Dr. Kevin Wamsley began his term as Academic Vice-President and Provost at StFX in 2015. Dr. Wamsley holds Bachelor of Arts (Honours) and Master of Arts from Western University and received his PhD from the University of Alberta, where he held a Killam Doctoral Scholarship. Prior to joining the Department of Kinesiology at Western in 1997, he taught at the University of Calgary, where he also served as Associate Dean (Graduate) within the Faculty of Kinesiology. A dedicated teacher, Dr. Wamsley has received teaching awards at the University of Alberta, the University of Calgary, and at Western University.
Prior to coming to StFX, Dr. Wamsley spent nearly a decade in significant administrative service at Western where he was Associate Dean (Programs), Faculty of Health Sciences. His contributions at Western were wide-ranging. He served as Acting Dean, Faculty of Health Sciences; Director, International Centre for Olympic Studies; Chair of the Steering Committee on Academic Processes and Systems; Chair of Western’s Working Group on Information Security; and was a member of various committees including the Campus Master Plan and Honorary Degrees Committees. He was one of architects of the First Nations student transition program, also Western 1010, a transition program for first year students, and he created Living Well at Western, a campus-wide faculty and staff wellness program.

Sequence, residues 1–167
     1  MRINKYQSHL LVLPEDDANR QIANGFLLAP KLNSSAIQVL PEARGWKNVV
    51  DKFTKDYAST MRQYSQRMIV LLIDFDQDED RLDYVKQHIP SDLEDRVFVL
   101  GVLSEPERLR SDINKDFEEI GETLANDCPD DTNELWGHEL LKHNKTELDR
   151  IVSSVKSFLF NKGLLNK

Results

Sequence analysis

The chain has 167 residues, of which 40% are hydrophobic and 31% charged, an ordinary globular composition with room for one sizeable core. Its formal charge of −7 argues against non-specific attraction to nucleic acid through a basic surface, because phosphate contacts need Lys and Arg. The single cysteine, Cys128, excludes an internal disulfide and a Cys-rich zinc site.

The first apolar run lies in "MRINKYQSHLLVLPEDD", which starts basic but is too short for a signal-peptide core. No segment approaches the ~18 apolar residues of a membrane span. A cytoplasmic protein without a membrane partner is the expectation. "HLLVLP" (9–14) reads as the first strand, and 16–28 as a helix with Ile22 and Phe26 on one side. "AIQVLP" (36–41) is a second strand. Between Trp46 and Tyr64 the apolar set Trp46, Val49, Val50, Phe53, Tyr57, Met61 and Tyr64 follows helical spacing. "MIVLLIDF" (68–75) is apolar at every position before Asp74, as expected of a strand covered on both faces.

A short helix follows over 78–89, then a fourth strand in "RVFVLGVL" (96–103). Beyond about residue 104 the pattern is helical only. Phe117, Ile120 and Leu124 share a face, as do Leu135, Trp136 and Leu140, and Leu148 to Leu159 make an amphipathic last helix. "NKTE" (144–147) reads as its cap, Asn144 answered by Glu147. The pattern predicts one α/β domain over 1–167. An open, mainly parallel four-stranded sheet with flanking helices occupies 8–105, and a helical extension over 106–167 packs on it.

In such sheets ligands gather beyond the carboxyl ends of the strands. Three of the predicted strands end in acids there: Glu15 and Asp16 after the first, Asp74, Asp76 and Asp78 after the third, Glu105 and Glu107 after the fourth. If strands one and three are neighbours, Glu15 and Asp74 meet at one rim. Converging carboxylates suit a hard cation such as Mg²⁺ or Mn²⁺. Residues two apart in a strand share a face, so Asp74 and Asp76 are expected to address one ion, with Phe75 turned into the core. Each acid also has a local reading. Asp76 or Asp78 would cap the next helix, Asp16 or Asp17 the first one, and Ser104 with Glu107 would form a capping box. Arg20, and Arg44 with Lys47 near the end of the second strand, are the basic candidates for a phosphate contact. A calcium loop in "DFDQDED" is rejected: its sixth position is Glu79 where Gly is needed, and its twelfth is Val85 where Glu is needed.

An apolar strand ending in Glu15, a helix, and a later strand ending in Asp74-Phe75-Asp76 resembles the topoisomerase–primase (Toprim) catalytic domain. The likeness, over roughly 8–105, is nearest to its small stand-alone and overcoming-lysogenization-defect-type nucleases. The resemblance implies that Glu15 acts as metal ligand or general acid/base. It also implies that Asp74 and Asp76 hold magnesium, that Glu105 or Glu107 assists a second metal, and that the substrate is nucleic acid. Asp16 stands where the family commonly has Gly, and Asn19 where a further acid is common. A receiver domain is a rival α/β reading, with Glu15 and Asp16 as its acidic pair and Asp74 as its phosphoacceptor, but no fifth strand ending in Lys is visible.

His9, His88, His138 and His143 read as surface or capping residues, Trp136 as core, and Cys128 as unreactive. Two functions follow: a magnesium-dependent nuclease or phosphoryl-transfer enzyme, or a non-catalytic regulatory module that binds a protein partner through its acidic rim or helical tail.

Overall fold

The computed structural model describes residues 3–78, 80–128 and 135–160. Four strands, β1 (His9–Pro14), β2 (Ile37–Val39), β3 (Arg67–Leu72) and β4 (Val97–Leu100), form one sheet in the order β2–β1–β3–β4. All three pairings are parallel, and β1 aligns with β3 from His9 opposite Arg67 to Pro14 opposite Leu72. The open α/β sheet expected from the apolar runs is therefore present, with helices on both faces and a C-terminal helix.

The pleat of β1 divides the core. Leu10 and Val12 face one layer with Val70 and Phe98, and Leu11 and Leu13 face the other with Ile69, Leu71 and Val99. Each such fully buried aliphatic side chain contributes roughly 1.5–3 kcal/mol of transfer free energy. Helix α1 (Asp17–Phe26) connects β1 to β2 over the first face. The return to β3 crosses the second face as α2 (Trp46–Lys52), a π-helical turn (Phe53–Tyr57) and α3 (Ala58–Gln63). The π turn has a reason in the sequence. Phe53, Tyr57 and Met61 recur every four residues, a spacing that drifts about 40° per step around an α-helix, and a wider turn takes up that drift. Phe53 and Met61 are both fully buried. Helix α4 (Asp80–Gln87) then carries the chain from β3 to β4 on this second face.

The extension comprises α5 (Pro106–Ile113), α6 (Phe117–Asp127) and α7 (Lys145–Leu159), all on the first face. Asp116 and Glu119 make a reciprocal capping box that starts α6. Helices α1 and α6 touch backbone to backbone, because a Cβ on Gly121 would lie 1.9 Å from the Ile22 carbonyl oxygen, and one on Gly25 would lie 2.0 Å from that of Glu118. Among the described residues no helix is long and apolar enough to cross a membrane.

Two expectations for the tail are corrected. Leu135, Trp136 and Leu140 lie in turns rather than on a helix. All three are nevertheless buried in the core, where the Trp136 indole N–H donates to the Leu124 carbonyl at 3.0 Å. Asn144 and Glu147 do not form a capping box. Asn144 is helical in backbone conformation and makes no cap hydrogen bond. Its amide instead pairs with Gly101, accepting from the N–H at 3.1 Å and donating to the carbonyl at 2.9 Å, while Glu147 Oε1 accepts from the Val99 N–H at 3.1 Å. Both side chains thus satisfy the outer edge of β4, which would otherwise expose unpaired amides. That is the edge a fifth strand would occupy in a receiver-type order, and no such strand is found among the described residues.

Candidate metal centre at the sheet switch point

Recognized as one of the world’s leading experts on the history of the Olympic Games, Dr. Wamsley has also conducted research into 19thcentury Canadian sport, men’s and women’s violence, and the organization of gender relations through sport. He has served as president of the North American Society for Sport History and as Senior Editor of OLYMPIKA: The International Journal of Olympic Studies. He has authored or edited over 100 peer-reviewed publications and several books. Dr. Wamsley is often asked to provide expert commentary on the Olympic movement, and has been interviewed nearly 1,500 times for various media publications/broadcasts, including CTV, Global, CBC, BBC, CNN, New York Times, Times of London, and the Wall Street Journal. In 2003, he was called to testify before the United States Congressional Executive Commission on China and asked to provide input on how the 2008 Beijing Olympic Games would impact human rights in China.